Dancing About Architecture
The usual suspects return: Miles Zuniga, Daniel Johnston, Sandra Bullock, Bob Schneider, and the Asylum Street Spankers; also, Patti Smith returns to Austin for SXSW, as do a bunch of other people.
South by Southwest is already breathing right down our necks, believe it or not, with this being the last Chronicle before the Austin Music Awards kicks off the whole shebang. For badgeholders, it's time to think about which panels to attend during the day in order to get the most out of that expensive piece of plastic. Some top picks include: "Selling Music Today & Tomorrow," featuring record company CEOs and whatnot from MCA, Island Def Jam, Artemis Records, and Grand Royal (skip those nasty A&R guys!); "War Stories, Writing About Music Then & Now," featuring Stanley Booth, Ben Fong-Torres, Ann Powers, Ed Ward, and Texas Monthly's Evan Smith; and "Making Noise on the Net," which marks Thomas Dolby's first involvement (nonmusical though it may be) in the conference. For badgers, wristband-bearers, and the general public alike, one of the most eagerly anticipated gigs of the week belongs to Patti Smith, who appears in one of the festival's three free shows in Waterloo Park: Thursday features the Derailers and honorary local Hank Williams III supporting the great Ray Price; Friday pairs the aforementioned punk diva with the Alejandro Escovedo Orchestra; and Saturday finishes the run with a many-headed local lineup of Davíd Garza, Meat Puppets, and Ian McLagan's Bump Band. Again, thanks are in order to KGSR's Jody Denberg, who was instrumental in getting Smith interested in the conference via his recording a promotional interview CD with her. That CD, accompanying Smith's new album Gung Ho, finds Denberg doing his best to remind Smith how much she enjoyed Austin (and vice versa) during her legendary local stop on 1979's Wave tour. Smith also confirms the oft-bandied myth among her local fans that the dress she wears on Wave was indeed bought in Austin. She didn't give a plug as to where, but I'm willing to guess it was somewhere around the South Congress area. KGSR is only one of many radio stations that will be running loads of special programming between now and March 19 (101X taped an hourlong special with the Smashing Pumpkins during their recent visit, for instance), and their interviews/performances schedules look pretty strong:John Cale, David Gray, Steve Earle, Marah, Roger McGuinn, Hamell on Trial, Shelby Lynne, Gomez, Kim Richey, Jayhawks, Jimmie Dale Gilmore, and of course Ms. Patti. More acts are awaiting confirmation, while morning team Kevin & Kevin are expecting a "slew of guests" dropping by the Four Seasons, where they'll be doing their show all during the big week.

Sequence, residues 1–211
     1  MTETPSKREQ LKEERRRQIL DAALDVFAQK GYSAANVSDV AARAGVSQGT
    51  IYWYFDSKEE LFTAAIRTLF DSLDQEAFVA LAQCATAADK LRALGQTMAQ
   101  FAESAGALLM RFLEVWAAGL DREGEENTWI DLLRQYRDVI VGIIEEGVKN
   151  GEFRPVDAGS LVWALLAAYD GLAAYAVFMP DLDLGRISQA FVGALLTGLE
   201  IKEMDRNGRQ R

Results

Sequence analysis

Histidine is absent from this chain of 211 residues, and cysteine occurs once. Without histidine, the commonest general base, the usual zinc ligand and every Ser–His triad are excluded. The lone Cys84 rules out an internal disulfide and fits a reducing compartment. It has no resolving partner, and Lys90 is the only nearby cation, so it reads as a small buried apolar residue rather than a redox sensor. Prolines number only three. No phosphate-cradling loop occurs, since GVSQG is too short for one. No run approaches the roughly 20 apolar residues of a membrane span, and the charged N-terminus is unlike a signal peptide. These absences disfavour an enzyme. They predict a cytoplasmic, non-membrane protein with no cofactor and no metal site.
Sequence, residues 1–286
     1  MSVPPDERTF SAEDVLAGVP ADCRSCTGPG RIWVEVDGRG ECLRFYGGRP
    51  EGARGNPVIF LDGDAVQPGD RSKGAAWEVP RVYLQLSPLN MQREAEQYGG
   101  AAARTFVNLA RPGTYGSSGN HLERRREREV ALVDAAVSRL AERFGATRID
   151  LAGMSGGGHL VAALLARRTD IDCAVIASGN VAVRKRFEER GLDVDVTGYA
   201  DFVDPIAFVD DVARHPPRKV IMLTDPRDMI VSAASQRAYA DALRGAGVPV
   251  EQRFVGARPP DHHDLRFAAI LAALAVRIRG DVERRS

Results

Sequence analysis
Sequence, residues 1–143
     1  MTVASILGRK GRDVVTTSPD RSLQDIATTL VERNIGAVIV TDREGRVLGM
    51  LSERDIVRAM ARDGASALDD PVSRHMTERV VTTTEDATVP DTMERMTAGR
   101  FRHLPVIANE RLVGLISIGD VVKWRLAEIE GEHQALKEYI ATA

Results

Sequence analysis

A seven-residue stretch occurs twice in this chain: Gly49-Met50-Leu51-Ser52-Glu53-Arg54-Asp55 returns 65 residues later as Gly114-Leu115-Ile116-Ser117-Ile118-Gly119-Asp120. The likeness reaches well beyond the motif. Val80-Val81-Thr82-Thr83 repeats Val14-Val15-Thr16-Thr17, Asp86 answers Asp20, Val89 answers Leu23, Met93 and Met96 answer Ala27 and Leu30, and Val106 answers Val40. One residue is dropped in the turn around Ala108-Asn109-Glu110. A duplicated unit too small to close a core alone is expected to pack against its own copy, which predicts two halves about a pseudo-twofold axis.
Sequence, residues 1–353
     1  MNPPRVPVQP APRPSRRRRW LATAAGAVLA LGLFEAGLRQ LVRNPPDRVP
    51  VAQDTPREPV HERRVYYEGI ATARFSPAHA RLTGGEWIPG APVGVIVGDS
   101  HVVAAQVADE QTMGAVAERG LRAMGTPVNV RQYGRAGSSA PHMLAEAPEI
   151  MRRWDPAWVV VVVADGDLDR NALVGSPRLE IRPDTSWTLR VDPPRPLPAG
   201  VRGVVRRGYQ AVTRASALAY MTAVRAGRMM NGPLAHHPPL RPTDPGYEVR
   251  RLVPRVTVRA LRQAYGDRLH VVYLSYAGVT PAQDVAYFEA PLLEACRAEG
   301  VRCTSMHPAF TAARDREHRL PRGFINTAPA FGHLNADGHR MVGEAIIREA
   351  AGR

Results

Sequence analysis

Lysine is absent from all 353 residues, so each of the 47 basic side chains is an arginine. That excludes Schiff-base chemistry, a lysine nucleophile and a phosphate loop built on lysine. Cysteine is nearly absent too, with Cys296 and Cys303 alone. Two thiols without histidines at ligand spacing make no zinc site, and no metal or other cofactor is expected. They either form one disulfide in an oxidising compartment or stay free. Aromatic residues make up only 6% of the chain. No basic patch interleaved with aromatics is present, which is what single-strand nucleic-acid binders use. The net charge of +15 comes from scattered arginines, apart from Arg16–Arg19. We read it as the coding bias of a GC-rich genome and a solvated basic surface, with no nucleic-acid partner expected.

Obsessions for Men
Some people are satisfied to simply play a gig -- others insist on making it a real event. The latter is definitely the case with the Chainsaw Kittens, who have elected to have their SXSW showcase on Friday (3/17) at Beerland double as a gay wedding between singer Tyson Meade and "international pop star" Skip Handleman Werner. Now, supposedly, the reason Stone Temple Pilots dropped out of the festival this year was due to one of their members getting hitched; it's a shame he didn't just decide to marry one of the Frogs and make this a double ceremony. Either way, one small problem mars the event, or at least the invitations, as it turns out that Randall Stockton's new club Beerland will not be ready in time for SXSW. With that goal date gone, Stockton says he has no idea when the venue will open, but meanwhile, the performance and marriage will take place at the newly dubbed "Beerland at the Gallery Lombardi Lounge," formerly known as the tent outside the Gallery Lombardi Annex, which was in turn even more formerly known as the old Electric Lounge at Third and Bowie. Did you get all that? If you think that chain of events is bizarre, you ain't heard nothin' yet. Check out the following tale: